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Acupuncture

Acupuncture at Himler Veterinary Services

 

Acupuncture has been around for thousands of years and was originated in China. Now there are many medical professionals who practice acupuncture, even licensed veterinarians. Many people are familiar with acupuncture in humans but animals can also benefit from acupuncture.

 

What is acupuncture?

Many people have heard of acupuncture but not many people really understand the process of acupuncture. Acupuncture is the use of fine sterile needles that are inserted into certain points of the animal. As stated in “Integrative Ways to Optimize Mobility in Older Animals.”  by Narda G. Robinson. She explains how the metal needle engages with muscle and collagen fibers, leading to a small amount of local tissue reaction which then relaxes, thus causing blood flow to normalize.

 

How do I know it’s safe?

“Acupuncture is one of the safest interventional techniques available, when practiced by a veterinary professional.” (Narda G. Robinson pg. 3). Never practice acupuncture with your pet unless you are a medical/ veterinary professional! If there are any complications, they are usually mild and resolve quickly.

 

How do I know the treatment is working?

Every animal is different and experiences recovery differently. It also depends on what the problem is. Some animals may also have multiple problems. However, there is a range of 3-4 treatments until you can visibly see results. The veterinarian is going to be the best at knowing if the treatments are working since they are the ones that gauge the amount of resistance that the needle encounters (Narda G. Robinson pg. 3).

 

Reasons to consider acupuncture for your pet.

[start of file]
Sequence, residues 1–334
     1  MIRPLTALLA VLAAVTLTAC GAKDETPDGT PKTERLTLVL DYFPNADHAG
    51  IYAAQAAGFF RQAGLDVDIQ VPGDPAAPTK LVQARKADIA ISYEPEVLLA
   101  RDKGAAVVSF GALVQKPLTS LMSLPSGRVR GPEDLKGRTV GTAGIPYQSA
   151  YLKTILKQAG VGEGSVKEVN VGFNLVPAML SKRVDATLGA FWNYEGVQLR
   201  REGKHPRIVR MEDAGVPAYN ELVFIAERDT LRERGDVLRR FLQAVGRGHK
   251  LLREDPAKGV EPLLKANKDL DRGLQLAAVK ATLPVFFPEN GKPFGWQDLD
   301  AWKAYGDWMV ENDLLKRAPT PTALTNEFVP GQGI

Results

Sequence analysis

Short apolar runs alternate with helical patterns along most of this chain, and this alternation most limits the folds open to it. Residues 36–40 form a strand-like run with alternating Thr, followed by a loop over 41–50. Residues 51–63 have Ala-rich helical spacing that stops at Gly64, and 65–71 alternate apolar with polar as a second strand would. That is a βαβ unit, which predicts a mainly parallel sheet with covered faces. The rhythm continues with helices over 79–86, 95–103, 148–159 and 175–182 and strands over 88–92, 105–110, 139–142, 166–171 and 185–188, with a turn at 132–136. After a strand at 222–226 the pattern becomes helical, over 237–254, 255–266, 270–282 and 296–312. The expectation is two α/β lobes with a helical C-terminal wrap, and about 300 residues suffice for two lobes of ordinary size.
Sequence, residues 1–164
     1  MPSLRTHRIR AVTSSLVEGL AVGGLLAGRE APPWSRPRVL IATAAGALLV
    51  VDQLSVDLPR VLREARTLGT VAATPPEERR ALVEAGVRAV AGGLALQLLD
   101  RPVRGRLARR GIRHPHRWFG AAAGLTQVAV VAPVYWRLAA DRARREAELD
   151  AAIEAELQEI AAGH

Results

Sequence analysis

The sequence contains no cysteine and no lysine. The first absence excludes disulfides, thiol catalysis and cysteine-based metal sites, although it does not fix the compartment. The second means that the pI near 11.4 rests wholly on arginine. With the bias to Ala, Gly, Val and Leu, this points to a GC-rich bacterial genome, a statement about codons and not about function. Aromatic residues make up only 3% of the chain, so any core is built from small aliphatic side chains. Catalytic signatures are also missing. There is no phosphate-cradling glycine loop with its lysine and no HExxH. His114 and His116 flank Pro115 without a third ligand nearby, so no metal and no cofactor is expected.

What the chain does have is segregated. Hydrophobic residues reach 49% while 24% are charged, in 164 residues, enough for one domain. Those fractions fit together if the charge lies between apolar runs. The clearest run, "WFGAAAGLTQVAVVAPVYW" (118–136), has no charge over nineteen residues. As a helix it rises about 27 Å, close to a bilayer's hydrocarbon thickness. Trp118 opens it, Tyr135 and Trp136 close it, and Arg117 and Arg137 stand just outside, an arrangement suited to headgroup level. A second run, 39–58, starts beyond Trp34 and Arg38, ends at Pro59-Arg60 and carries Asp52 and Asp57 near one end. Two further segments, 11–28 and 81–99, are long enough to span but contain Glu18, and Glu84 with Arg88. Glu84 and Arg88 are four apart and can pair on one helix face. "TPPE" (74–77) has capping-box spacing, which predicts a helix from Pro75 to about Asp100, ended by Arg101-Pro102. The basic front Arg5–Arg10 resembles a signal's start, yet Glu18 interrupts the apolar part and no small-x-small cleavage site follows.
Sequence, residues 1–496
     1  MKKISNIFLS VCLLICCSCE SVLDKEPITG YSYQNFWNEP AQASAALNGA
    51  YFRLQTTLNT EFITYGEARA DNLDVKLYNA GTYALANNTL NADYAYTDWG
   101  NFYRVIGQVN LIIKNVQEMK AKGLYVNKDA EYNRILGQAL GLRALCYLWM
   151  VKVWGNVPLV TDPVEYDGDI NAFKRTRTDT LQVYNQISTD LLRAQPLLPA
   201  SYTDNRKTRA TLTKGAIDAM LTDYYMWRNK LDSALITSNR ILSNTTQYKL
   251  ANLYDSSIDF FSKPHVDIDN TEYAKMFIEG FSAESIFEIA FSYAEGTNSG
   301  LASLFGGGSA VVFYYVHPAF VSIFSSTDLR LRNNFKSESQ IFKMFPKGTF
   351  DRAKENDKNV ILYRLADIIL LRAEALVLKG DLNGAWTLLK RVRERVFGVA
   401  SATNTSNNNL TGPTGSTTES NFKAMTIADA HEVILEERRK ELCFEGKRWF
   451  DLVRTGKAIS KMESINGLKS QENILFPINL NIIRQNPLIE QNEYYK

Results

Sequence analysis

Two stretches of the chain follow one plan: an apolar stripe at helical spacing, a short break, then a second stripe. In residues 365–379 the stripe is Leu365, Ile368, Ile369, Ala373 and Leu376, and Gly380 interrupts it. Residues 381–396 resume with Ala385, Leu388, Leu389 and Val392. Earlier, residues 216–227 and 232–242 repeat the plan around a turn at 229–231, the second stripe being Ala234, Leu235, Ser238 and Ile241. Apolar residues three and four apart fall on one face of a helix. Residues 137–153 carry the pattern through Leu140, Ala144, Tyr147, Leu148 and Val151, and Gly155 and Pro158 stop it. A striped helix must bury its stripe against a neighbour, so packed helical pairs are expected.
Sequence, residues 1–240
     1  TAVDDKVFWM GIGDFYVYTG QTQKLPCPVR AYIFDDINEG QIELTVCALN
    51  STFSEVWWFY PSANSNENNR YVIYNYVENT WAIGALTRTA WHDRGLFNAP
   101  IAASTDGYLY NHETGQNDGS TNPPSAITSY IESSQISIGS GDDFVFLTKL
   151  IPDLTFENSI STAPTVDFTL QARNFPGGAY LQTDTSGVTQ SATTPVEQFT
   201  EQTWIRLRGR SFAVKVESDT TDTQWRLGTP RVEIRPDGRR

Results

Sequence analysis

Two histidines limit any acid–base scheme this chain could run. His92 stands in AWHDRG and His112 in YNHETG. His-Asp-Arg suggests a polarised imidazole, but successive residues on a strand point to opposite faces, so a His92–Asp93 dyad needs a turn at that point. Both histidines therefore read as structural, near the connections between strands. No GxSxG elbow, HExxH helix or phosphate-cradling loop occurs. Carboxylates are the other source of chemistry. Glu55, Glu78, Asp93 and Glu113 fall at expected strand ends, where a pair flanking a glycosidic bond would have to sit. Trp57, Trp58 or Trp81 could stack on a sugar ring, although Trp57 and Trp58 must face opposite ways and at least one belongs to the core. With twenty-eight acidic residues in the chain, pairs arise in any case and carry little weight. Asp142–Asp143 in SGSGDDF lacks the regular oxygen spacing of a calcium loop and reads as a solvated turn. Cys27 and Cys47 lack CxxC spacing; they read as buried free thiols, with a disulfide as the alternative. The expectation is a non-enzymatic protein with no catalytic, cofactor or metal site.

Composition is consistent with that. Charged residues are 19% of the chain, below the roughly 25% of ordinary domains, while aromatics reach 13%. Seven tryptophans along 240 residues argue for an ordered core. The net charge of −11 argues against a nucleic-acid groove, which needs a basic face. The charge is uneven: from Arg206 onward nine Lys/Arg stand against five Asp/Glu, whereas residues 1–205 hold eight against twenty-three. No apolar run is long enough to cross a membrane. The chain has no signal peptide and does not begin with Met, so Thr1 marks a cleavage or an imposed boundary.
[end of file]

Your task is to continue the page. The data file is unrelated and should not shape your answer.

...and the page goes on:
Reasons to give acupuncture a try for your furry friend would be if they are suffering from arthritis, asthma, trauma, metabolic disease, seizures, back pain, neurologic disorders, and even cancer.  Acupuncture is not for everyone, just like it’s not for every pet.  

 

 Other treatments used with acupuncture.

There are a couple other treatments that can be used alongside acupuncture to help your pet. We offer the K Laser which is one of those forms of treatment. Laser therapy works by using specific wavelengths of light to create therapeutic effects which is a painless, drug free treatment option which helps reduce inflammation, swelling, pain, and stiffness. Just like acupuncture you are probably not going to see results with just one treatment. Multiple treatments will be needed.

 

Conclusion

Acupuncture is something you should look into with your veterinarian if your pet experiences any of the listed conditions or if you think they might be eligible to try acupuncture. Just like humans, animals get old and tend to have more problems with age and acupuncture may be something to help their pain. Scheduling a visit with your veterinarian to talk about it can be a great start!  

 

Some tips for helping your furry friends!

If your pet has trouble walking on hard surfaces, try and keep their nails trimmed and consider getting area rugs or carpet runners. Another helpful tip would be to make sure their bedding is clean and appropriate for their needs. Some animals that have problems with getting up and walking prefer a firmer bed that gives them some structure and support (Narda G. Robinson pg. 4). Something else to consider is researching simple, safe massage techniques to use on your pets to help improve circulation. Just keep in mind if your pet is too painful that you cannot even touch a certain area on their body, they should probably be seen by a veterinarian and assessed further. 


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